19th April 2011
Results of the Fire Futures consultation
Last week, the government published their response to the Fire Futures consultation, listing a withdrawal on setting standards for fire-fighters, greater accountability to local communities on the part of fire and rescue services, abolition of national targets and increased clarity concerning national and local roles.
Although the government is not dictating the means by which these goals should be implemented, their response suggests that decisions on local service delivery should be made in the relevant locality rather than at central government level. Fire and rescue services are accountable to local people rather than to central government and must have local responsibility for decisions and performance. Furthermore, the next statutory National Framework, which is due in 2012, will make clear both national and local roles in resilience arrangements.
Responding to the four Fire Futures reports that were delivered to ministers towards the end of the previous year, the current government states that the previous Labour administration’s centralisation of management, coupled with its agenda to regionalise the fire and rescue service, has resulted in confusion rather than clarity in central and local roles. This in turn has distracted the service from a focus on the local community.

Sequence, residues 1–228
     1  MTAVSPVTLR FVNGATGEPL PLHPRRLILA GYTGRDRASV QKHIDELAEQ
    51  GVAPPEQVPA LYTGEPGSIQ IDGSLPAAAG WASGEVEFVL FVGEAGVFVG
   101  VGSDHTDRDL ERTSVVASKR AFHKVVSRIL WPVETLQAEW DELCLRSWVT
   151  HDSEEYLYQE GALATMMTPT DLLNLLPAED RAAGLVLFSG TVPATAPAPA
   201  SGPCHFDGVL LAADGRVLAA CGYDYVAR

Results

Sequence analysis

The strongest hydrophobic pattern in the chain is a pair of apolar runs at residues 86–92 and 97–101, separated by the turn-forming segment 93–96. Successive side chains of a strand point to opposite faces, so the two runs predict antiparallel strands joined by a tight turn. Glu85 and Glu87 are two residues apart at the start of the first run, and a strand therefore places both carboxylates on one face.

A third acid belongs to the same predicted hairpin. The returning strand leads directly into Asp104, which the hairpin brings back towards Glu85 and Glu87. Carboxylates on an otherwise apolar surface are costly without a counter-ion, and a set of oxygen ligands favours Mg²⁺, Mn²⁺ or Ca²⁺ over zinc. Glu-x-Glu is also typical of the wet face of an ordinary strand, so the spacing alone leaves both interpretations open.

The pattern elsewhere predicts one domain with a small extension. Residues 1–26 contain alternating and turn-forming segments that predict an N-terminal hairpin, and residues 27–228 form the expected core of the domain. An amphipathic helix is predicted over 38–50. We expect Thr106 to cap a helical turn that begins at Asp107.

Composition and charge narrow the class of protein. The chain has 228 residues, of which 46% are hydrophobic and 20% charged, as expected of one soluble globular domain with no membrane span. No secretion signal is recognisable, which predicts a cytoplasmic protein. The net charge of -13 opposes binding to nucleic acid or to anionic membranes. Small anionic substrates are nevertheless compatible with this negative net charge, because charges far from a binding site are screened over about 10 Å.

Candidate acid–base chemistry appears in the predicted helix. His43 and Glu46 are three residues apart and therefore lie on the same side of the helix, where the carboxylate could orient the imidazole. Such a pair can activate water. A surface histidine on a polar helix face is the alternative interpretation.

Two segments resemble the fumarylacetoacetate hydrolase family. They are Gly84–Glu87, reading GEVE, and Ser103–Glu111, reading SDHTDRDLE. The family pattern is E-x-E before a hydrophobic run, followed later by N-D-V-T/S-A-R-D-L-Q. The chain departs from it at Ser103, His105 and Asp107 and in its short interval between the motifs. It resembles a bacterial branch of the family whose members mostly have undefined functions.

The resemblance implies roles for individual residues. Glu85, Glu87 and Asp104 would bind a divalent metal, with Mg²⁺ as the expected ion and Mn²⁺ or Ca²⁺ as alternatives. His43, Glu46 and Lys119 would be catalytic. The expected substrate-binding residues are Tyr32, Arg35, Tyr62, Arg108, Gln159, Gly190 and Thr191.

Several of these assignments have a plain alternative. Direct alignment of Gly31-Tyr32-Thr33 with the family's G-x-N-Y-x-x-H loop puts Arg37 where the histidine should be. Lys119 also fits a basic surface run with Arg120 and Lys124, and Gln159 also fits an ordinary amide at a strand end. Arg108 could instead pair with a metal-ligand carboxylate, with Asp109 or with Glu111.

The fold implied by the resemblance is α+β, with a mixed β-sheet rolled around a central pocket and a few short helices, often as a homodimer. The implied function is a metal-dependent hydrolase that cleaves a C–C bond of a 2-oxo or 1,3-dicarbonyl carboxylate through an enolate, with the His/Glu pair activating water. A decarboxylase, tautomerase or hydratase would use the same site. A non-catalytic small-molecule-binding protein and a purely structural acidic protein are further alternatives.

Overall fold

The government has not adopted many of the recommendations made by the Fire Futures reports, but it has placed the majority of the proposals in an ‘ideas bank’ for individual fire and rescue services to cherrypick from, based on the perceived needs of their local communities. This underlines the government’s resolve to reduce its previous involvement in the service’s future direction.
However, in the case of future funding mechanisms, decisions will be made in reference to the review of local government finances, which will be phased in from July of this year.
The coalition government’s response to the consultation also states that they will no longer be so closely involved in planning and implementing training programmes for fire-fighters and for setting standards for safety. These responsibilities will devolve to the fire and rescue service, either collectively or individually in response to the needs of local communities. The government will involve itself, however, by providing support with regard to the processes of monitoring.
Fire minister Bob Neil says that at the heart of the government’s approach is a commitment to bringing to a close the existing top-down Whitehall management of the fire and rescue services, and also bringing back a focus on local communities and local accountability, rather than a requirement for fire-fighters to reach targets set by central government. He adds that “the ‘ideas bank’ offers the sector the freedom to determine whether these ideas fit local needs without micro-management by the government.”
He goes on to say that it is the government’s intention to work with the fire and rescue sector to develop a new National Framework, and to rejuvenate the existing relationship between central government and the fire and rescue services, enabling fire and rescue authorities to circumvent unnecessary or irrelevant restrictions that currently hamper their ability to provide an effective service to local communities.
By Michelle Pearson